GloryGlory, 2019 Mixed media collage installation on canvas and wood
The Olde Towne of Flushing Burial Ground, just four miles from the Queens Museum, was used in the nineteenth century first for victims of epidemics and then by the local African- American and Native American community. Smith creates an altar for the cemetery’s unsung voices, breaking up bodies and the landscape into three tiers. The lowest tier refers to watching or being watched, and the spirits of the dead. In the middle tier, fragmented hair, limbs, and breasts make up a pair of mirrored female figures, shapeshifting in mid-air on their rise upward. These hybrid twins are at once a divided self, a symbol of otherness, and a reminder that we must see ourselves in histories like that of the Burial Ground in order to bring those stories to light. The clouds at the top include portraits of specific Black women active in late 19th century, when the burial ground was used most extensively. It also contains archival materials about the site, fragments of poems by Gwendolyn Brooks and the names of 97 individuals known to have been buried at the Burial Ground as of 1996.
UnearTHings I, 2019, UnearTHings II, 2019. Glitter fabric, polyurethane columns and found wooden masks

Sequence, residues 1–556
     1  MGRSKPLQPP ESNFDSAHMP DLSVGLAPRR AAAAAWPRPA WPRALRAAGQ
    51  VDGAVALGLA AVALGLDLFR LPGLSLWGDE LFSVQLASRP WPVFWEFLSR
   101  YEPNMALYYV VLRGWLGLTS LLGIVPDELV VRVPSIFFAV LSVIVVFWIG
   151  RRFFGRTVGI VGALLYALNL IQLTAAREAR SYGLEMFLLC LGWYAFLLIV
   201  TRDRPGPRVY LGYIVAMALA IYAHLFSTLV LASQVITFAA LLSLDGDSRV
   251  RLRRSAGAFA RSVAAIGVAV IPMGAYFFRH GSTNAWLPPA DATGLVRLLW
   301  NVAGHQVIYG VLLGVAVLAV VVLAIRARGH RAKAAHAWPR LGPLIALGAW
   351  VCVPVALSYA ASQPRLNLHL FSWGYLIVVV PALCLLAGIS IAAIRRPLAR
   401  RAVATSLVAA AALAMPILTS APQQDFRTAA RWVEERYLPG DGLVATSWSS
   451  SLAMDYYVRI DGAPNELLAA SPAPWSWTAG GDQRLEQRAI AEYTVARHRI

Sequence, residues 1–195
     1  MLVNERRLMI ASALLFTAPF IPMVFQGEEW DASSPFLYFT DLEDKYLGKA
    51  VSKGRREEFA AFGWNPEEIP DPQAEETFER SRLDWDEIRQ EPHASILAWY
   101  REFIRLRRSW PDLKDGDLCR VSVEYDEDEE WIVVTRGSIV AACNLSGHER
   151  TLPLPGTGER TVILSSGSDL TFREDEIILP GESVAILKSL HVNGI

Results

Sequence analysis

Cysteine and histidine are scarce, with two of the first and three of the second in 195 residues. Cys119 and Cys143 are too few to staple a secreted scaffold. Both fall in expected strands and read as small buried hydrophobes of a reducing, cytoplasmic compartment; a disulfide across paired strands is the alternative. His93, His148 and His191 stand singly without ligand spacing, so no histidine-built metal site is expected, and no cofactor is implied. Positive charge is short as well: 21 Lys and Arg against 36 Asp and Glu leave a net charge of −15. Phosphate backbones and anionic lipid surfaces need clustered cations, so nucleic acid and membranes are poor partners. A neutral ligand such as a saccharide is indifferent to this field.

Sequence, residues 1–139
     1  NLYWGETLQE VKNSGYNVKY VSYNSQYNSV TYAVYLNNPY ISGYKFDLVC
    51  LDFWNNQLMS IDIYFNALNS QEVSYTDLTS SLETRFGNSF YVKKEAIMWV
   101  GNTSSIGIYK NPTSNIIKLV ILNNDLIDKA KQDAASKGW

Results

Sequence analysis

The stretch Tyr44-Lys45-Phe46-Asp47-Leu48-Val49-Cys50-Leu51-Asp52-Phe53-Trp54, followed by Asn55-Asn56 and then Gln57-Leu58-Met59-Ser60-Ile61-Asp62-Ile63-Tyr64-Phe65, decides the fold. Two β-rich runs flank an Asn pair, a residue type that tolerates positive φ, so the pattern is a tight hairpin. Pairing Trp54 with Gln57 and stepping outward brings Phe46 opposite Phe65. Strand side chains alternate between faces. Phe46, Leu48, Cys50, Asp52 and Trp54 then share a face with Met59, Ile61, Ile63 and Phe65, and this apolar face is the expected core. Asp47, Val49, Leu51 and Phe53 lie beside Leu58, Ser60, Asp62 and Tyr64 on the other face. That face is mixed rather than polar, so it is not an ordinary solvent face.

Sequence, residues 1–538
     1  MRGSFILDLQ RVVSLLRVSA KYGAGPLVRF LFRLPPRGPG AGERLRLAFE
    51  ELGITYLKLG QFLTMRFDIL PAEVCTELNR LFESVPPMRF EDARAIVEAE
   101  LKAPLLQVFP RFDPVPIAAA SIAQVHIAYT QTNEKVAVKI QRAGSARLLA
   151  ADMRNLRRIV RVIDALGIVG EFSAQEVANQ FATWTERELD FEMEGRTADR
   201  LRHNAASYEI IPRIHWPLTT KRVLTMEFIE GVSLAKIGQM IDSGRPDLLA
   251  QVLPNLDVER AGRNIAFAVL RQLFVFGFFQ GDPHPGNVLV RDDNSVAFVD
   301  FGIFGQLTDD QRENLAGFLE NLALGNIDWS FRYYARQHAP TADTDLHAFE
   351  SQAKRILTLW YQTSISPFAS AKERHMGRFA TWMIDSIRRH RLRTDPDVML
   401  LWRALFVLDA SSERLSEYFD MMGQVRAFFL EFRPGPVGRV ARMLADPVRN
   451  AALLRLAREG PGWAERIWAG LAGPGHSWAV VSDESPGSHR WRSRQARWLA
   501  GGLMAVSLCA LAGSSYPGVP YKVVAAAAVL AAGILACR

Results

UnearTHings I and II juxtapose the Tuscan Doric column widely used in the ancient Roman Empire with the sowei mask of the Mende people of Sierra Leone. While the Doric columns are associated with strength 07 and masculinity, the masks are worn by women in rite-of-passage ceremonies. They endow the wearer with the power of a girl’s transition into adulthood.
The Rooting Place, 2019 Mixed media sculpture
Pigtails signal girlhood and in Smith’s work have become a common motif, making
up landscapes of their own and evoking the peaks and valleys of the Black female psyche. Here a pigtail sculpture sprouts up from the ground, having taken root in the histories that have inspired the installation. The sculpture also draws from the Effigy Mounds National Monument in Iowa, in which Native Americans built ceremonial mounds in the shape of animals as a way to connect to their ancestors and the spiritual world.
On headphones, a selection of oral history recordings with local community leaders produced by Queens Memory, including the voices of Mandingo Osceola Tshaka and Robbie Garrison of the Olde Towne of Flushing Burial Ground Conservancy; Jay Williams, lifetime member of the Macedonia A.M.E. Church; and Chief Little Fox (Samuel Steven Boyd Jr.), Sachem Chief of the Matinecock Nation Alexandria Smith selected books that have influenced her work and life. They are available to read here as part of the Queens Museum’s ongoing program From the Library Of...